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OCR for page 32
Improving the Nation’s Water Security: Opportunities for Research 3 Committee’s Approach The criteria used by the committee to frame its review of progress of the Water Security Research and Technical Support Action Plan (Action Plan) and to guide recommendations for a long-term water security research program (see statement of task, Chapter 1) are presented in this chapter. The committee’s organizing assumptions and strategic criteria for future research management decisions, like its evaluations of the Action Plan, were framed from the perspective of the challenges and constraints outlined in Chapter 2. The committee’s criteria are premised upon several broad findings. First, the Environmental Protection Agency’s (EPA’s) Office of Research and Development is working within a limited budget, and water security research cannot replace other essential research to support public health and the needs of water and wastewater utilities. Second, preventing a terrorist attack on the nation’s water infrastructure may be impossible because of the number and diversity of utilities, the multiple points of vulnerability, and the expense of protecting an entire system. Thus, the committee focused its attention on research to prevent or mitigate the consequences of an attack or attempted attack. Third, the information and technical products of the water security research program will be most valuable if they have dual-use benefits. For this report, “dual use” refers to research on technologies that addresses both security and important water utility objectives. Examples include identifying security measures that can mitigate the effects of both physical attacks and earthquake hazards or developing a water quality detection system that can be used to detect generic intrusion events while also providing data on key water quality parameters used to monitor system operations. Dual use can also apply to information technologies (e.g., databases) and their use for natural or accidental contamination events in addition to terrorist threats. In the committee’s usage, dual use was not meant to include work that addresses more than one purpose within homeland security (e.g., measures that safeguard both water and food from a biothreat agent attack).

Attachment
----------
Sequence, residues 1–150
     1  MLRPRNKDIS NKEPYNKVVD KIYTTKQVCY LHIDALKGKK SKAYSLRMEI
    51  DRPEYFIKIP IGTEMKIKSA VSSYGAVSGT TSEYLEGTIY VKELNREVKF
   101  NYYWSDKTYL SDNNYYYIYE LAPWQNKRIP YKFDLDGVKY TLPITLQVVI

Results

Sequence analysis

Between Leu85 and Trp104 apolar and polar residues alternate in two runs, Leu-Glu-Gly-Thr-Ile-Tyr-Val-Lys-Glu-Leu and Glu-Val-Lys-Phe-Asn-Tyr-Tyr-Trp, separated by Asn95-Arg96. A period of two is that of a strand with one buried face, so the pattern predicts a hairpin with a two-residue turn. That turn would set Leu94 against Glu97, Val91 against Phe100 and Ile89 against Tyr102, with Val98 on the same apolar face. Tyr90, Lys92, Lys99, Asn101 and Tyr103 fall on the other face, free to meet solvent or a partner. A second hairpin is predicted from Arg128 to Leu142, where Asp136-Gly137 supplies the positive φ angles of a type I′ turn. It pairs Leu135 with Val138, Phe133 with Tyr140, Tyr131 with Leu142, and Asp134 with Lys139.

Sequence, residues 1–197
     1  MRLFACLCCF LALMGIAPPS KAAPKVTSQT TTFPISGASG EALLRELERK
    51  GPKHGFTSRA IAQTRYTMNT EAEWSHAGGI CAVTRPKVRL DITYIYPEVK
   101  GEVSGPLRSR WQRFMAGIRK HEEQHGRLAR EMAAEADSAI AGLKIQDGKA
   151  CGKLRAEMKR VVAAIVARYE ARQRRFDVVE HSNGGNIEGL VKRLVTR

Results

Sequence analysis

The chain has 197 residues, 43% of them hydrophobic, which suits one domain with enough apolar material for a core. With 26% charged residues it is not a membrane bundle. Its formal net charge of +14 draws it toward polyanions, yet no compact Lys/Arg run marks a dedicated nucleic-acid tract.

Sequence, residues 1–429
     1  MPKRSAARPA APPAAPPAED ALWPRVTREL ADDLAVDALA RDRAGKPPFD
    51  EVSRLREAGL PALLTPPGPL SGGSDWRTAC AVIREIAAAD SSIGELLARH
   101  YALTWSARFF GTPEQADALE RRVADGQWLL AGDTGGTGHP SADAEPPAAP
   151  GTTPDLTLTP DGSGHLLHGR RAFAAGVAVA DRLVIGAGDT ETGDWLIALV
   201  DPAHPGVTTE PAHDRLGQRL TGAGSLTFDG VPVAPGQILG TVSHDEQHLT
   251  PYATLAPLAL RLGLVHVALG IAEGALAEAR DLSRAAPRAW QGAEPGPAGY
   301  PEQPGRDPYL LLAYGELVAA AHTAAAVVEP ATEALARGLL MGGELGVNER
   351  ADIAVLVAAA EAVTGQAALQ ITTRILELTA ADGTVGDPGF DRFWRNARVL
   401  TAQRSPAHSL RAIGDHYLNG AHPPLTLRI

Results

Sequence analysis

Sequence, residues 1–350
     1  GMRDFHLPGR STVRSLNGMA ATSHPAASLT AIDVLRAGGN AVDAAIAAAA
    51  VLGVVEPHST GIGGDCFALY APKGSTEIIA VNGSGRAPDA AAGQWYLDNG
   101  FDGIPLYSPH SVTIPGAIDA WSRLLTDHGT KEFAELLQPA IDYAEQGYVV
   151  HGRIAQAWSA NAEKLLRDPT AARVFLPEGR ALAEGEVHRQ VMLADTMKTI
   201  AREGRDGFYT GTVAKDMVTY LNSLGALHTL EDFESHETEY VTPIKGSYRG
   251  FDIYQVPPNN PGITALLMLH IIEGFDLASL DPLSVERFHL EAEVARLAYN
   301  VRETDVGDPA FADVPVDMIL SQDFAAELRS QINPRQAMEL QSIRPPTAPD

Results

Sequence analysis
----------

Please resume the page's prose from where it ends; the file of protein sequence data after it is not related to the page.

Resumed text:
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Improving the Nation’s Water Security: Opportunities for Research From the findings described above, the committee identified four criteria to guide its evaluation of the value of the EPA’s water security research projects and to provide a foundation for its recommendations for future research priorities: Water security threats with the greatest likelihood and potential consequences (including fatalities, sickness, economic losses, and loss of public confidence) are addressed. Effectiveness and efficiency of the nation’s response and recovery capacity are improved, and/or risk reduction or consequence mitigation measures are developed. Implementation of new technologies/methodologies is judged to be likely, taking into account their cost, usefulness, and maintenance requirements. Dual-use benefits accrue from the research. Dual-use benefits are included among these criteria because they significantly improve the likelihood of implementation of the research products, and there is strong support for research with dual-use applications within the water industry and the public. Research in support of improved mitigation, recovery, and response is often of dual use because it can be applied to address both natural hazards and terrorist events. However, the committee does not view dual use as an absolute requirement for all water security research. These criteria shape the committee’s evaluations and recommendations in Chapters 4 through 6. These criteria could also be used at a later date to evaluate the effectiveness and success of the program, although such an evaluation was not feasible here based on the number of products available at the time of the committee’s review. In sum, water security risks should be reduced if research products can be shown to address probable threats with significant consequences and if utilities or local, state, and federal response agencies use these products to address security vulnerabilities or to improve the effectiveness of response and recovery.
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